The Meaning of Sports: Why Americans Watch Baseball, Football, and Basketball and What They See When They Do
Michael Mandelbaum. PublicAffairs, $26 (332pp) ISBN 978-1-58648-252-7
Of all the sporting contests in the world, baseball, basketball and football are by far the most popular in America: millions of diehard fans dedicate countless hours to following these games on TV, in print and in person. But perhaps few fans know why they are drawn to one sport more than another, or why they feel such a strong affiliation to their favorite. In his ninth book, Mandelbaum applies the same tactical research skills that made him a leading authority on American foreign policy to chronicling the history of the big-three American sports, of the superstars who became household names and of the evolution of the rules of each game. Baseball, which experienced its great rise during America's agrarian stage when the majority of the nation's people lived in rural areas, plays to our longing for the pure, the outdoors, he says. When the country entered its industrial period, and many people worked in factories with extremely specialized jobs, football, a sport in which each player is assigned carefully specialized roles, began to evolve in American schools. Basketball, unlike the other more organic sports, was invented during the post-industrial age. Like the ""knowledge workers"" of that era-the economists, psychologists and designers-basketball required that athletes bring little equipment to the court. The author parallels each sport's history with the history of our nation, explaining in textbook-like prose why each became popular and endured where other sports did not.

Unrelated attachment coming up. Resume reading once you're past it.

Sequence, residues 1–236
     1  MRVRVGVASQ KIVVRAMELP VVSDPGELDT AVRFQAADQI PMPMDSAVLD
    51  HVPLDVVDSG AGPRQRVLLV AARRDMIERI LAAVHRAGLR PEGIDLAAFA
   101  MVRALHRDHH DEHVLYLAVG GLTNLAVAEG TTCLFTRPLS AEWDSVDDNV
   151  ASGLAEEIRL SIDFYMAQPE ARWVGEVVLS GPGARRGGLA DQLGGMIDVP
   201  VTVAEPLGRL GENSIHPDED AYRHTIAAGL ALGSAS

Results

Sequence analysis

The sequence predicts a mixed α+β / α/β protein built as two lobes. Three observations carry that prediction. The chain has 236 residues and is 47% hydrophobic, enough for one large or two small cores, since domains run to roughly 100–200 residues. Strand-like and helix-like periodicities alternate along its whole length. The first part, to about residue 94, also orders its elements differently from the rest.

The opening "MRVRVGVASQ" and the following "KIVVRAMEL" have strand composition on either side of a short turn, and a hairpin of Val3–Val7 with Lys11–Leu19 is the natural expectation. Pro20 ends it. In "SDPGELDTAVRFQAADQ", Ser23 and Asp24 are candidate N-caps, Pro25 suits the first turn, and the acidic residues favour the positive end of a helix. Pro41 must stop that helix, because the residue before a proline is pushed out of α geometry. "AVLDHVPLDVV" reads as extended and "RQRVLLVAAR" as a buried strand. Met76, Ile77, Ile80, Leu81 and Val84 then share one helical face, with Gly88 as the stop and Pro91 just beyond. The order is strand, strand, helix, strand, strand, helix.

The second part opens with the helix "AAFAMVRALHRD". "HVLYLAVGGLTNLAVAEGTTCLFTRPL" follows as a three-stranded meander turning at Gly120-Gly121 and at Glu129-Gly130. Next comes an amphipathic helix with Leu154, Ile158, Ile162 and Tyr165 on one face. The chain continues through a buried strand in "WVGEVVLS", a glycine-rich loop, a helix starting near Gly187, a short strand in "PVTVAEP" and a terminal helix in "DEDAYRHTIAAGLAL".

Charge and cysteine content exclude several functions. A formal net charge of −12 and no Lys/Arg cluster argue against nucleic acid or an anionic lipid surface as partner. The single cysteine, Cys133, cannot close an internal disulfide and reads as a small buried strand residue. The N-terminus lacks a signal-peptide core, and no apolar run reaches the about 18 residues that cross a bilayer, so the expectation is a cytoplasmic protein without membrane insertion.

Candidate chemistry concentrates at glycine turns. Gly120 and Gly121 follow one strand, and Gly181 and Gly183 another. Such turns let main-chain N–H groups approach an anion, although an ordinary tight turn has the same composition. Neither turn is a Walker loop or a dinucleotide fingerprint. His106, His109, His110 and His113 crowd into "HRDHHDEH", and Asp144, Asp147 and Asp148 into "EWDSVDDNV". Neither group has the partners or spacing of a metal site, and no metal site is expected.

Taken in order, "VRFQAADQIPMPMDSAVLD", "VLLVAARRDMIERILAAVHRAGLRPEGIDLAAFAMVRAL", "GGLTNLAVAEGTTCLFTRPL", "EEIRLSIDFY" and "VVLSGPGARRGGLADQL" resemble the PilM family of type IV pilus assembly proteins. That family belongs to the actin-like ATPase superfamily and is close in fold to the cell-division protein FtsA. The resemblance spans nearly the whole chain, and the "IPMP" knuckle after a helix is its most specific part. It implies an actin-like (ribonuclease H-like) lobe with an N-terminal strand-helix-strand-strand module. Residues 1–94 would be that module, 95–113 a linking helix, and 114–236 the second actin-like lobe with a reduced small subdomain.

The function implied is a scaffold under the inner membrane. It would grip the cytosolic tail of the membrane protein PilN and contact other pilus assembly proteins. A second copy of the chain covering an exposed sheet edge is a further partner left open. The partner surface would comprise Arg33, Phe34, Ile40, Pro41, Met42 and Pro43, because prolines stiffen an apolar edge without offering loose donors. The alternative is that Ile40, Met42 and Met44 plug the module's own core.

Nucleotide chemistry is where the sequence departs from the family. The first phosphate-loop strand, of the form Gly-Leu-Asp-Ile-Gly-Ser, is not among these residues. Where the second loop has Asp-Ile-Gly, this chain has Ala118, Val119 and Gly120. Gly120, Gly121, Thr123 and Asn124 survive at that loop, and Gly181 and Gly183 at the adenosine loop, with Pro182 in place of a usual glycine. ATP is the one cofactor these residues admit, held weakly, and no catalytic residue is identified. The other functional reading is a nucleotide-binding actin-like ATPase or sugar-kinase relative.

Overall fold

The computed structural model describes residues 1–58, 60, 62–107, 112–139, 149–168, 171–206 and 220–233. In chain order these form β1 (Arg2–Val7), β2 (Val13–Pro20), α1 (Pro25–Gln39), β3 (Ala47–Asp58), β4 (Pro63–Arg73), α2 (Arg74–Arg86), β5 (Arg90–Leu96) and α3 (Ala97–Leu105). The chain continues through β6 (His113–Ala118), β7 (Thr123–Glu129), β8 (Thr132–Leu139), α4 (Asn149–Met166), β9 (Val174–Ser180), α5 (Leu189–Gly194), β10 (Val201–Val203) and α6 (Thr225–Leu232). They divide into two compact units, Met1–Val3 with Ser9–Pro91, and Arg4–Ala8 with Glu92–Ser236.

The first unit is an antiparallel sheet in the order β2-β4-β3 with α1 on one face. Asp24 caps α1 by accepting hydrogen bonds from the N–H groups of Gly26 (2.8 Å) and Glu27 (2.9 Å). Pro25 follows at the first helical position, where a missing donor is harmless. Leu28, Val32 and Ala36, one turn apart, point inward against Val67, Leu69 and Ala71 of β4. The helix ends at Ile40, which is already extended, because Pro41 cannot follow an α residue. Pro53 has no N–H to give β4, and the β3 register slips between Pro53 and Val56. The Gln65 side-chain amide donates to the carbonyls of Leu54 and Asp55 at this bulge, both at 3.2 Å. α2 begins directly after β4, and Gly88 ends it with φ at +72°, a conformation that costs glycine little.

Reviewed on: 06/01/2004